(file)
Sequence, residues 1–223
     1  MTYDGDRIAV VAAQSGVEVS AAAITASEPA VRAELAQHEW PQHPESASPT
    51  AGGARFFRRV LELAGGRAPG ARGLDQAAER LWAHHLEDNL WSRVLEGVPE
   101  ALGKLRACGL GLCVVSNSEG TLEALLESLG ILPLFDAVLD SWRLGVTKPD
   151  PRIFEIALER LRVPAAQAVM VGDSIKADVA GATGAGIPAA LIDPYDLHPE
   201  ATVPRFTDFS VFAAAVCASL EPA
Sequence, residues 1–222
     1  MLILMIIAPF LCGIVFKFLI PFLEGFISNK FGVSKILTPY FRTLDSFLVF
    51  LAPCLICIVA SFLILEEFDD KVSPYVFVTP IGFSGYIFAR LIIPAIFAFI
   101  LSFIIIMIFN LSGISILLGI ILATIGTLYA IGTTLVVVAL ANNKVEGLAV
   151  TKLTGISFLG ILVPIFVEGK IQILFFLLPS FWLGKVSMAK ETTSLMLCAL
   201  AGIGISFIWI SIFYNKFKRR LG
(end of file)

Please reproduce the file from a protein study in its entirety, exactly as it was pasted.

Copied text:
Sequence, residues 1–223
     1  MTYDGDRIAV VAAQSGVEVS AAAITASEPA VRAELAQHEW PQHPESASPT
    51  AGGARFFRRV LELAGGRAPG ARGLDQAAER LWAHHLEDNL WSRVLEGVPE
   101  ALGKLRACGL GLCVVSNSEG TLEALLESLG ILPLFDAVLD SWRLGVTKPD
   151  PRIFEIALER LRVPAAQAVM VGDSIKADVA GATGAGIPAA LIDPYDLHPE
   201  ATVPRFTDFS VFAAAVCASL EPA
Sequence, residues 1–222
     1  MLILMIIAPF LCGIVFKFLI PFLEGFISNK FGVSKILTPY FRTLDSFLVF
    51  LAPCLICIVA SFLILEEFDD KVSPYVFVTP IGFSGYIFAR LIIPAIFAFI
   101  LSFIIIMIFN LSGISILLGI ILATIGTLYA IGTTLVVVAL ANNKVEGLAV
   151  TKLTGISFLG ILVPIFVEGK IQILFFLLPS FWLGKVSMAK ETTSLMLCAL
   201  AGIGISFIWI SIFYNKFKRR LG